Lincoln in the Bardo, by George Saunders


In his debut novel, once more Saunders’ irreverent, sporadic and moving style is put masterfully to use to capture a powerful narrative. Composed of dozens of voices, from which history merges with fiction in a mesmerising whole, Lincoln in the Bardo is an entirely singular novel, certainly the first of its kind, and one which will long be remembered.


The novel takes place over a single night, telling the tale of President Lincoln mourning the recent death of his young son. Within the cemetery where his son is laid to rest, scores of the damned gather to witness this recent bereavement, lending their own sorry, pained tales. From these series of chaotic yet truly telling voices emerges a profound take on life after death, where even the most damned sinners might find some solace in humanity. Saunders considers those who are remembered, those who are forgotten, and the nature of humanity in its remembrance of those it holds dear.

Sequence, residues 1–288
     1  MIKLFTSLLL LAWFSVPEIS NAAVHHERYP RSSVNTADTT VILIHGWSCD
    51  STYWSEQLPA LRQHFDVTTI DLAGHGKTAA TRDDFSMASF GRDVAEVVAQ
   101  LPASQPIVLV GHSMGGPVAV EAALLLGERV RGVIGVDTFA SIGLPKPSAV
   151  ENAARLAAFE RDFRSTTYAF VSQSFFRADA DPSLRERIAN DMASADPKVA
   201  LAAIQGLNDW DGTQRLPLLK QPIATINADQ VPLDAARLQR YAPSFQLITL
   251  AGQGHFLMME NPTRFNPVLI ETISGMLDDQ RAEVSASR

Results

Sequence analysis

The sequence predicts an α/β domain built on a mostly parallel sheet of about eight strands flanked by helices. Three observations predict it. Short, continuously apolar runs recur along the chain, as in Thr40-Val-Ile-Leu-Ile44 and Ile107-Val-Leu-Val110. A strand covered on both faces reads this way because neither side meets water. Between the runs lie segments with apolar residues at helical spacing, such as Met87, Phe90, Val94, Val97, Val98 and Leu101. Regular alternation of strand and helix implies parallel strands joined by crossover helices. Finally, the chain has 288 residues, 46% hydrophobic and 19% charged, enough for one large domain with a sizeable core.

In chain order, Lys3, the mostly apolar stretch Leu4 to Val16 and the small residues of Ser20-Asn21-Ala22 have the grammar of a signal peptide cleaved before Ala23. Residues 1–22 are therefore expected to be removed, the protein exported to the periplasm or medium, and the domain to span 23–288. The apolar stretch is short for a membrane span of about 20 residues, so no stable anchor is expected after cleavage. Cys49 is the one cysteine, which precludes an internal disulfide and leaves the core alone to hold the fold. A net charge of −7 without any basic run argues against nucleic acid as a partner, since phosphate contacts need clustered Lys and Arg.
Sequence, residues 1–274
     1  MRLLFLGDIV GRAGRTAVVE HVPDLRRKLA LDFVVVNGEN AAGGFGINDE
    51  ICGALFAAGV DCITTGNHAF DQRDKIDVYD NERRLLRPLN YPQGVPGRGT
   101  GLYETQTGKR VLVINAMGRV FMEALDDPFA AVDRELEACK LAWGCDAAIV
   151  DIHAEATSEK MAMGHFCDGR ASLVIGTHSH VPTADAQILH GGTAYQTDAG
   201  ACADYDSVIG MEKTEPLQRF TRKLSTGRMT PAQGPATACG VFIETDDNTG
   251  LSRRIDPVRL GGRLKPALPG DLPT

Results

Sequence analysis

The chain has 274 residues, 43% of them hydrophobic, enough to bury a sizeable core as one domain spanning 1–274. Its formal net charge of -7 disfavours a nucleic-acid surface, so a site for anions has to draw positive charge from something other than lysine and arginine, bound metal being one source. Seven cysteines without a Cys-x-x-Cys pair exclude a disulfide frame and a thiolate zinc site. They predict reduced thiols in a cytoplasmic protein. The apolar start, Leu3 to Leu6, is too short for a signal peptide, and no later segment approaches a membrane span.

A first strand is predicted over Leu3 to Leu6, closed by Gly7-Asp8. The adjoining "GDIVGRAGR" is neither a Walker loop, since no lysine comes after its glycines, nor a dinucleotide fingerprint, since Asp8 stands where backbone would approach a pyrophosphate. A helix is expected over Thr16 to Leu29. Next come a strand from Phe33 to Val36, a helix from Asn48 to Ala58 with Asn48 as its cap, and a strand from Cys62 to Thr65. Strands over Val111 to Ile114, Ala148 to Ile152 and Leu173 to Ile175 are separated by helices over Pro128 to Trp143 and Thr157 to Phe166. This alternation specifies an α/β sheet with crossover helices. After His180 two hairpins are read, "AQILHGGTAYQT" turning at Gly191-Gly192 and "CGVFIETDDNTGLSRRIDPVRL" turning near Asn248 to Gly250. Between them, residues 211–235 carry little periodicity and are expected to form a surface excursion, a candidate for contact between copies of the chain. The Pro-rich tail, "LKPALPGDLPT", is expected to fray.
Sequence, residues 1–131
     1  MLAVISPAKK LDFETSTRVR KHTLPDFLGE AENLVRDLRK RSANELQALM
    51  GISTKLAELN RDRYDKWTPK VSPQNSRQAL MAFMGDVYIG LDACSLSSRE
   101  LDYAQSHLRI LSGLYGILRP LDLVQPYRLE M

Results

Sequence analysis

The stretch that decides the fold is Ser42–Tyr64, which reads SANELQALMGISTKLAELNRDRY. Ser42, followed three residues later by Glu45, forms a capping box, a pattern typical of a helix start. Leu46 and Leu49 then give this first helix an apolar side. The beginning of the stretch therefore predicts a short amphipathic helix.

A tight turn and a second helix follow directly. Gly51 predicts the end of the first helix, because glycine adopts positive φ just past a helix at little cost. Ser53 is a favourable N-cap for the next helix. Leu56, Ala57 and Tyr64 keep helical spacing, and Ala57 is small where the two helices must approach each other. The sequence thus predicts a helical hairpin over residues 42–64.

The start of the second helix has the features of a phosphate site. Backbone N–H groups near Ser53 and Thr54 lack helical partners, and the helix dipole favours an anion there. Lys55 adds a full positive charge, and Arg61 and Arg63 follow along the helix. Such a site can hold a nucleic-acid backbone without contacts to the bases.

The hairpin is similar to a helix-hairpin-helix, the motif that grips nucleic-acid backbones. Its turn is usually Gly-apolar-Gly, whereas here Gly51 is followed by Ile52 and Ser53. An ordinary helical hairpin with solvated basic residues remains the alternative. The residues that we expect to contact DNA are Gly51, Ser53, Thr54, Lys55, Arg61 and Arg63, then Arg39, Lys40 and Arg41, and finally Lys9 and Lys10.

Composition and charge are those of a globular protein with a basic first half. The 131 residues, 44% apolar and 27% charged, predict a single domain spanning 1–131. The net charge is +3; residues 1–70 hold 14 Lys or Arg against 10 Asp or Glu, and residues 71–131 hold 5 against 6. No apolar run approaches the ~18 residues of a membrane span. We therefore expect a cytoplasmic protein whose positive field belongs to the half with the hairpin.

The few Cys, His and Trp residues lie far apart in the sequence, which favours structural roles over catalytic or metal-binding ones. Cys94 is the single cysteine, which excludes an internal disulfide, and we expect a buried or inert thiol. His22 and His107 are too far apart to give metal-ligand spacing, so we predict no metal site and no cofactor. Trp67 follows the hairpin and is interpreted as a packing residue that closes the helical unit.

Balancing his tale of life and death in the lost world of innate purgatory, Saunders considers mankind’s sins, it’s aspirations and it’s woes, and where this leaves those who fall short. Both in life and in death.

Length: 343 (Bloomsbury)

Overall Rating: 5 stars

Like the sound of this? Purchase it here from Amazon.


Author: Jack Jakins

A recent graduate of history, now an aspiring writer and general cynicist

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